Buried within more than 2,300 pages of legislation authorizing more than $1.4 trillion in spending is a collection of special interest tax incentives dumped into two crucial budget bills at the last minute—including tax breaks for racehorses, breweries, and biofuels.
Regardless of the merits of any of those individual policies, their last-second inclusion in massive, must-pass budget bills is more evidence that Congress' budget-making process is broken.
The House voted Tuesday to pass the two budget bills that must be signed by President Donald Trump before next week in order to avert a government shutdown. The Senate is expected to vote on the bills before the end of the week.
"What a bucket of garbage this bill is," tweeted Maya MacGuineas, president of the Committee for a Responsible Federal Budget, a nonpartisan group that advocates for reducing the deficit. The last-second inclusion of so-called "zombie extenders"—temporary tax breaks, including some that had previously expired as far back as 2017—is "simply moronic," she wrote in a follow-up tweet.
Producers of biodiesel and the owners of short-line railroads (rail lines that connect to regional or national rail networks) stand to score some of the biggest Christmas presents once Congress passes the budget bills. Both interests had seen special tax breaks expire in 2017, but will now get retroactive tax breaks to cover the past two years and further tax breaks through 2022, according to The Wall Street Journal.
All told, there are more than two dozen industry-specific tax incentives included in the budget bills, Bloomberg reports. That includes one-year extensions for tax credits given to breweries, distilleries, owners of racehorses, motorsports race tracks, and producers of wind energy.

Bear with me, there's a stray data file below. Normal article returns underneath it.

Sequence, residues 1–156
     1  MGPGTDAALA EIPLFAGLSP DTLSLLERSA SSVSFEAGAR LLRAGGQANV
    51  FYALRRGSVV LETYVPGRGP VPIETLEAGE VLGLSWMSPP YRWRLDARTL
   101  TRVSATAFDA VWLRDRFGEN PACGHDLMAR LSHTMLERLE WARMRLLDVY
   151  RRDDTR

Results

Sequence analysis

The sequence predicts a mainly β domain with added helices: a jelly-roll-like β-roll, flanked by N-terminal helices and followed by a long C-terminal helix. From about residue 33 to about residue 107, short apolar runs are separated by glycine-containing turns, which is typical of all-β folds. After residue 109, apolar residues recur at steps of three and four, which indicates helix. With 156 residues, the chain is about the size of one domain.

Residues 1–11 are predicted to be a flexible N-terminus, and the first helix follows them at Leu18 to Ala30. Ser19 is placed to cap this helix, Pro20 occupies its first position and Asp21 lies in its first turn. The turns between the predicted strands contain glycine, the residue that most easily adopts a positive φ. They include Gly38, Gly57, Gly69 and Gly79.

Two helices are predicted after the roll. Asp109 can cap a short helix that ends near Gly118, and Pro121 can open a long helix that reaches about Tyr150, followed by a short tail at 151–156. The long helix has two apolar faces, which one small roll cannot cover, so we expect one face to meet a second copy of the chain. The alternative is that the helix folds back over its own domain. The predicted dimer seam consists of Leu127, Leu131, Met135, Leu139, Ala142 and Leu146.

The Joint Committee on Taxation, a congressional number-crunching service, estimates that the temporary and extended tax breaks included in the budget bills will cost about $54 billion over 10 years.
An additional corporate welfare section was added in the middle of the night. These spending bills are now 2,366 pages. https://t.co/akvC6c5eJm
— Justin Amash (@justinamash) December 17, 2019
On their own, many of the small tax breaks included in the budget bills might be defensible. Distilleries, for example, faced the prospect of a 400 percent increase in federal alcohol excise taxes on January 1, according to the Distilled Spirits Council, which praised the one-year extension of a reduction in that tax.
But even when the policy is sound, the process is a total mess. If Congress believes there is a good reason to continue giving specific tax breaks to distilleries or the horse-racing industry, then it should act to make those tax breaks permanent. And it should do so as part of a deliberative process that determines budgetary priorities, rather than tacking a temporary extension onto a must-pass budget bill.
Indeed, one of the arguments Republicans used to justify cutting the corporate income tax from 35 percent to 21 percent in 2017 was that it would eliminate the need for so many industry-specific tax breaks. Good tax policy would be a lower rate and fewer carve-outs.
Retroactive tax breaks—like the one for bio-diesel, a top priority for lawmakers from Midwestern states particularly—make even less sense. Why should the government incentivize decisions that those businesses made years ago? That's just a last-second giveaway to politically connected businesses who hired good lobbyists.
Even without the temporary tax credit extensions, the budget bills are a fiscal disaster. All told, they will add an estimated $500 billion to the national debt over the next decade. Most of that total comes from the repeal of three taxes that were originally part of the Affordable Care Act, including a tax on medical devices and another tax on high-end health insurance policies.
Good budgeting requires setting priorities based on the fact that the federal government collects a finite amount of revenue each year. Collecting less tax revenue requires spending less money; spending more money requires increased taxes. Congress has proven, once again, that it is unable or unwilling to understand that.